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Lionel Messi celebrates after Argentina's FIFA World Cup victory over Australia at Ahmad Bin Ali Stadium, Doha, Qatar, December 2022.

Lionel Messi’s drool-inducing WC dribble underlined his GOAT status

For all the silverware and accolades accumulated by Lionel Messi during his career, one small question mark remained as the World Cup knockout stages got underway.

The greatest player of his generation – sorry, Ronnie – has bewitched and beguiled football fans across the globe since his 2004 debut.

He’s also achieved the previously impossible by making neutrals cheer for Argentina – normally the Chelsea of international football – at Qatar 2022.

Even the BBC, which receives a hard-time from self-important blowhards, cheerfully dispensed with impartially before Argentina’s last 16 match with Australia and issued Gary Lineker and his pundits with tissues to clean up their incessant dribbling over the 35-year-old.

But Messi had yet to score in a World Cup beyond the group stages. And you sensed that this Argentina side, competent but hardly sparkling without their little maestro, badly needed that statistical anomaly to rectify itself sharpish.

In the event, Messi realised his ambition of scoring in the World Cup knockouts with an imperious shimmy and flick of his boot, drawing level with Matthew Upson in the process and sending the Argentinians in Doha doolally.

And, as a gristly and stubborn Australia were forced to chase the game in the second half, the PSG forward was finally gifted the space to leave everybody in an excited puddle in the humid Qatari night.

With Argentina 2-0 ahead, Messi recieved poessesion on the halfway line and, like a commuter trying to get a pint in an Earl’s Court pub, pottered his way around a crowd of Australians and motored towards his goal.

Three opposition players loomed with the vague ambition of pinching the ball but Messi glided past as if their presence was not only futile but utterly irrelevant to his ambitions.

After wriggling through, via a canny one-two with Julian Alvarez, Messi was only denied his second goal of the night by a superb block from man-mountain Harry Souttar.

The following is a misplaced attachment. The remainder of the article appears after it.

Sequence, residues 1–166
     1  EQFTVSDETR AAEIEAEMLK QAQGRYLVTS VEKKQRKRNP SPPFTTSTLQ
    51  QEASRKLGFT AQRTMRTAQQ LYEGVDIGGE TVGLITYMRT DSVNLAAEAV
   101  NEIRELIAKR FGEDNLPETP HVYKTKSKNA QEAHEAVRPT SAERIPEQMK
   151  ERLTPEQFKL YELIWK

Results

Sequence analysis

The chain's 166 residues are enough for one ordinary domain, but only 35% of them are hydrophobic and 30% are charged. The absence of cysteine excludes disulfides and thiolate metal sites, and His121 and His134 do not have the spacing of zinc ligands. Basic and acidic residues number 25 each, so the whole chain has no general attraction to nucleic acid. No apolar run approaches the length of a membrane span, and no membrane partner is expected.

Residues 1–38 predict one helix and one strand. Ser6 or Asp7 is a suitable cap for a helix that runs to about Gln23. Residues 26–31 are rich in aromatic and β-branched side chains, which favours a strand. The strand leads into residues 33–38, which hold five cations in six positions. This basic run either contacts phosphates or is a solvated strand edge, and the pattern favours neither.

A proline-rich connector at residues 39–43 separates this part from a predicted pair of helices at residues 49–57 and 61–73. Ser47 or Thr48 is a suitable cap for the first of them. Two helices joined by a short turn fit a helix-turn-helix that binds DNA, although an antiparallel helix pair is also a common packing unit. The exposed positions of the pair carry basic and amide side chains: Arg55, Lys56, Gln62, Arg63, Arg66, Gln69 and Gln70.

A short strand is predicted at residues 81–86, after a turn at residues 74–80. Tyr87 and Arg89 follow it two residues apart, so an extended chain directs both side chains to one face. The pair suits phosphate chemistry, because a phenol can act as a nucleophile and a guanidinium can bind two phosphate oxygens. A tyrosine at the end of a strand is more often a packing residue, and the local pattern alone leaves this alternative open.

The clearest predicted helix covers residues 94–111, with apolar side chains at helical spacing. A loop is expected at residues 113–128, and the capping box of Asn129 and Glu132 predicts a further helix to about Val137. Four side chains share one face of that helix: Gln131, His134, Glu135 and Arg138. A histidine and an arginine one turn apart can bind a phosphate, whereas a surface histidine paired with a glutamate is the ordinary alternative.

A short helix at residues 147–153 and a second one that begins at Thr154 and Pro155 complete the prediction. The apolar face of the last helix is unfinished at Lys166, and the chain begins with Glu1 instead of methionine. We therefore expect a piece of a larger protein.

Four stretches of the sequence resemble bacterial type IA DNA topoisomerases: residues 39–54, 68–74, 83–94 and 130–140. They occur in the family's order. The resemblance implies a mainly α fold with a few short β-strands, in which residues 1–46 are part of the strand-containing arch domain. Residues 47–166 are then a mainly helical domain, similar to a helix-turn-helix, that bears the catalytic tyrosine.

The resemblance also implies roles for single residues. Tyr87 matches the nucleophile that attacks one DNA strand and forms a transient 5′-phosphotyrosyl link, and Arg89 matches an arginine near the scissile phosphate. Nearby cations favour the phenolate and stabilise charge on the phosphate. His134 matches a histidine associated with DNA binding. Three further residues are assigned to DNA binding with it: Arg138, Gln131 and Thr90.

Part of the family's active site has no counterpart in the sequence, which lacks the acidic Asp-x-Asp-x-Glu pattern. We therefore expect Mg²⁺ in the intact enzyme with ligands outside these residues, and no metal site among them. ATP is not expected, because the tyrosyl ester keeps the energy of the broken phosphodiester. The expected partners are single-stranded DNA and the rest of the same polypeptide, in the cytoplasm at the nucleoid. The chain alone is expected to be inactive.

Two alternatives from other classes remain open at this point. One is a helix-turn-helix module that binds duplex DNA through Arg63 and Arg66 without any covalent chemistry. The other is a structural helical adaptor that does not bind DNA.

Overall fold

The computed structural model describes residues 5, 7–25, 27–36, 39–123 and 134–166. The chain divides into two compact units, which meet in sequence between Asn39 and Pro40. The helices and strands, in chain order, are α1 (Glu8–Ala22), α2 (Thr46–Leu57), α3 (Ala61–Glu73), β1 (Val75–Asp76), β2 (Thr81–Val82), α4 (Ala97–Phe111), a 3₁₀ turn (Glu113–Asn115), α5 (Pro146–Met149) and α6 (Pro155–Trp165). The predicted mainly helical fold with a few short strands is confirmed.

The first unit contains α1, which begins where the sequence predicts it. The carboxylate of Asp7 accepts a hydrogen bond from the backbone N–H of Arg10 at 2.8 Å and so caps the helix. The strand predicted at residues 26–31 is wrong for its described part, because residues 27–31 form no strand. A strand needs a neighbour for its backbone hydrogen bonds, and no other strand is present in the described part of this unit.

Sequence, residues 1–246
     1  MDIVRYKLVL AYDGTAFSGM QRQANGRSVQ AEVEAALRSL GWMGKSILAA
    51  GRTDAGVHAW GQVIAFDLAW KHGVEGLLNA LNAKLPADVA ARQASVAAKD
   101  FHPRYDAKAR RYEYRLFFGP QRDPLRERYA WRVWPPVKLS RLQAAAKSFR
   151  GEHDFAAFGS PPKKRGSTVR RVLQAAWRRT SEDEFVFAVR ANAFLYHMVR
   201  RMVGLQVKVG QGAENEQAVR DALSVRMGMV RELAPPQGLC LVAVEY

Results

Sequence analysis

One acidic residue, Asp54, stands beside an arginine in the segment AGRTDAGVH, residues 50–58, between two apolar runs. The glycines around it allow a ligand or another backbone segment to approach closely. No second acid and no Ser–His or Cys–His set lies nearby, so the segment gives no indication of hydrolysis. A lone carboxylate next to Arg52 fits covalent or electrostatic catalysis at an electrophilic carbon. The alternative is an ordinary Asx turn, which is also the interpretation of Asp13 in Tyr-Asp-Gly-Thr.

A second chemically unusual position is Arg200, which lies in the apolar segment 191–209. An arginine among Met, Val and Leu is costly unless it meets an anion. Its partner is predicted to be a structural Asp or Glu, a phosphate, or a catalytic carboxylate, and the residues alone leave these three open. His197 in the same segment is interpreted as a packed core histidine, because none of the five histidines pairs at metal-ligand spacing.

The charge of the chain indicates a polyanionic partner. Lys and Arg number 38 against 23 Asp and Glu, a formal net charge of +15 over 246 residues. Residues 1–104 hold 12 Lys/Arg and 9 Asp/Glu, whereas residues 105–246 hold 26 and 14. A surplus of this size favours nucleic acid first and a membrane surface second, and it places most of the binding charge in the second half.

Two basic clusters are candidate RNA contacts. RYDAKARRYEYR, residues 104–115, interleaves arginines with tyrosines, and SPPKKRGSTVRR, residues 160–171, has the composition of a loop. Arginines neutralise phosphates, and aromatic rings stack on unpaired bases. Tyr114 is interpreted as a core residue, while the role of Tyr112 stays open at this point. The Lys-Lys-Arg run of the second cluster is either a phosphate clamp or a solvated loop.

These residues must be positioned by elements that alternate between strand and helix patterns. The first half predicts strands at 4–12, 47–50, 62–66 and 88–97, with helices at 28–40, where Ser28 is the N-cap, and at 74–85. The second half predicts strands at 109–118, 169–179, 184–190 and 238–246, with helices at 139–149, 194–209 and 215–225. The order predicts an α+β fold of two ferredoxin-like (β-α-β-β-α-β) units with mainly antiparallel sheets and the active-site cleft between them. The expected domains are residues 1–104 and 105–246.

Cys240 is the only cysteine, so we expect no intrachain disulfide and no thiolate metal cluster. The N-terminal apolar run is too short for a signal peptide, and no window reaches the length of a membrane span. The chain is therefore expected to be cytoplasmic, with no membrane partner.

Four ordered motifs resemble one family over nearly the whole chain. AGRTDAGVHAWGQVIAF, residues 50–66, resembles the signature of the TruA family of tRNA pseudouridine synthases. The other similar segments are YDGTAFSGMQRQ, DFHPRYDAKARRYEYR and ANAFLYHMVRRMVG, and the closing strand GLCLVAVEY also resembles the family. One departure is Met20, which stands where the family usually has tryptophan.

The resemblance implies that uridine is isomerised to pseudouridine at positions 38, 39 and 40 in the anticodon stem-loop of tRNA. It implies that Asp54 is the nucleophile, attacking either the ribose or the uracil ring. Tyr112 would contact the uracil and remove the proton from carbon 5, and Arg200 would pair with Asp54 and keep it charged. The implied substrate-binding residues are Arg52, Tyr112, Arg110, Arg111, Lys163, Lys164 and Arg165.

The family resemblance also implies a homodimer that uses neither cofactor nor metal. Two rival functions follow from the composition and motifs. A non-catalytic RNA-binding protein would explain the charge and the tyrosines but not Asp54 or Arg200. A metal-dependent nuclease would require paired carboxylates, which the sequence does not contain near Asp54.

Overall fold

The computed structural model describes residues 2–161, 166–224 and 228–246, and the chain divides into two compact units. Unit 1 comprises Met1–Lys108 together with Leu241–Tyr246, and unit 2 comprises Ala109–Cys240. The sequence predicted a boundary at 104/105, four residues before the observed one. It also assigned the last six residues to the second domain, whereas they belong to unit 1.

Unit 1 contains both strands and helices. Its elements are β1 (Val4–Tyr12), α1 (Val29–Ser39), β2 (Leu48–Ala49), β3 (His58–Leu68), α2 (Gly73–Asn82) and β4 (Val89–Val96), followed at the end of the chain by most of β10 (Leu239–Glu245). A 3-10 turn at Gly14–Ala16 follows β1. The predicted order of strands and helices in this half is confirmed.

But that doesn’t dull the light that Messi’s supersonic dribble created; only he could further underline his GOAT status with a casual defrenstation of the Australian defence.

“Messi has put on the best individual performance we’ve seen at this World Cup so far, by a mile,” Rio Ferdinand said on the BBC after the game. “Showboating, laying shots on a plate for teammates, and the crowd – it was almost god-like, after every single thing he does.”

Alan Shearer added: “What a second half performance from him, and the first half with his goal. We’ve spoken about his ability many times before, the hunger and desire and ability to run with the ball attracts so many defenders to him which then frees up his teammates.”

And, after Messi turned the Ahmed Ali Stadium into his own personal playground in the second half, Ferdinand was among the fans cheering him on.

“Honestly if we had a camera in here, the way we were jumping up and down,” the former Manchester United defender added. “I’ve lost my voice screaming how is he doing this?

“He’s embarrassing players but with his head up. You know a player goes through a cluster of players their head’s down usually, but he’s taking people on and seeing the pitch, his spacial awareness is phenomenal.”

After the BBC broadcast ended, and Ferdinand was given an endorphin-dropping mug of cocoa and sleeping tablet, the rest of the world began counting down the days until Messi is back in action.

Friday’s quarter-final against the Netherlands looks incredibly tough-to-call but, with Messi in this mood, Argentina will be fancied to march onwards to the last four.

The holy grail remains in sight and, if achieved, there’ll be nobody doubting Messi’s GOAT status.

By Michael Lee


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